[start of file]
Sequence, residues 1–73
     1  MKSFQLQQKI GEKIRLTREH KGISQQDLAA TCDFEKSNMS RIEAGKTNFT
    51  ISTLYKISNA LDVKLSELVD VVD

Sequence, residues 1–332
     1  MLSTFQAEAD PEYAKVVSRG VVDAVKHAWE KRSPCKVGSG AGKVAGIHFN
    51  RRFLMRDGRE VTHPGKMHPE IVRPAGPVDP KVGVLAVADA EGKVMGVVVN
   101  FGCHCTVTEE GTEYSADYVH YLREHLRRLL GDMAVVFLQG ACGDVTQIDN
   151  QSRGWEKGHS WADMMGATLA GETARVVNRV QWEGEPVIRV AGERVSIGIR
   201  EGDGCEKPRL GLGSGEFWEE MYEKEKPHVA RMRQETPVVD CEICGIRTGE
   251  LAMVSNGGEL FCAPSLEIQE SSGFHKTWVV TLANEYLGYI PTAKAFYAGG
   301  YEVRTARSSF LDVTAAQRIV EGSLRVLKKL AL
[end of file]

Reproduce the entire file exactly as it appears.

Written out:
Sequence, residues 1–73
     1  MKSFQLQQKI GEKIRLTREH KGISQQDLAA TCDFEKSNMS RIEAGKTNFT
    51  ISTLYKISNA LDVKLSELVD VVD

Sequence, residues 1–332
     1  MLSTFQAEAD PEYAKVVSRG VVDAVKHAWE KRSPCKVGSG AGKVAGIHFN
    51  RRFLMRDGRE VTHPGKMHPE IVRPAGPVDP KVGVLAVADA EGKVMGVVVN
   101  FGCHCTVTEE GTEYSADYVH YLREHLRRLL GDMAVVFLQG ACGDVTQIDN
   151  QSRGWEKGHS WADMMGATLA GETARVVNRV QWEGEPVIRV AGERVSIGIR
   201  EGDGCEKPRL GLGSGEFWEE MYEKEKPHVA RMRQETPVVD CEICGIRTGE
   251  LAMVSNGGEL FCAPSLEIQE SSGFHKTWVV TLANEYLGYI PTAKAFYAGG
   301  YEVRTARSSF LDVTAAQRIV EGSLRVLKKL AL